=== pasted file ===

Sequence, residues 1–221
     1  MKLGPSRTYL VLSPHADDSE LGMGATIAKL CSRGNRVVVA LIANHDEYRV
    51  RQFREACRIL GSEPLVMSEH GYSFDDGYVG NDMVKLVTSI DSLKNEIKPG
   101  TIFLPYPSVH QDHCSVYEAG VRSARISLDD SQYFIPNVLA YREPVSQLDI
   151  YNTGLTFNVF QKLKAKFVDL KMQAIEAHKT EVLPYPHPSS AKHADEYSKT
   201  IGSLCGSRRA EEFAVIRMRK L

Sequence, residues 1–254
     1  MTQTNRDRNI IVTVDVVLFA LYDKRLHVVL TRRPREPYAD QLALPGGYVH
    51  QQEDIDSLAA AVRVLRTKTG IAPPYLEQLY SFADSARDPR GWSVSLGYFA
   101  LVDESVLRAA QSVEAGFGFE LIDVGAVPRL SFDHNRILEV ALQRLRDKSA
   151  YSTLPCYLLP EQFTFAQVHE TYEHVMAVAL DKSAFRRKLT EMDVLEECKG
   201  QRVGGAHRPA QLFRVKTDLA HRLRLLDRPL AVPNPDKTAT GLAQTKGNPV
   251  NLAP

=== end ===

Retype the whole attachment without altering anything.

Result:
Sequence, residues 1–221
     1  MKLGPSRTYL VLSPHADDSE LGMGATIAKL CSRGNRVVVA LIANHDEYRV
    51  RQFREACRIL GSEPLVMSEH GYSFDDGYVG NDMVKLVTSI DSLKNEIKPG
   101  TIFLPYPSVH QDHCSVYEAG VRSARISLDD SQYFIPNVLA YREPVSQLDI
   151  YNTGLTFNVF QKLKAKFVDL KMQAIEAHKT EVLPYPHPSS AKHADEYSKT
   201  IGSLCGSRRA EEFAVIRMRK L

Sequence, residues 1–254
     1  MTQTNRDRNI IVTVDVVLFA LYDKRLHVVL TRRPREPYAD QLALPGGYVH
    51  QQEDIDSLAA AVRVLRTKTG IAPPYLEQLY SFADSARDPR GWSVSLGYFA
   101  LVDESVLRAA QSVEAGFGFE LIDVGAVPRL SFDHNRILEV ALQRLRDKSA
   151  YSTLPCYLLP EQFTFAQVHE TYEHVMAVAL DKSAFRRKLT EMDVLEECKG
   201  QRVGGAHRPA QLFRVKTDLA HRLRLLDRPL AVPNPDKTAT GLAQTKGNPV
   251  NLAP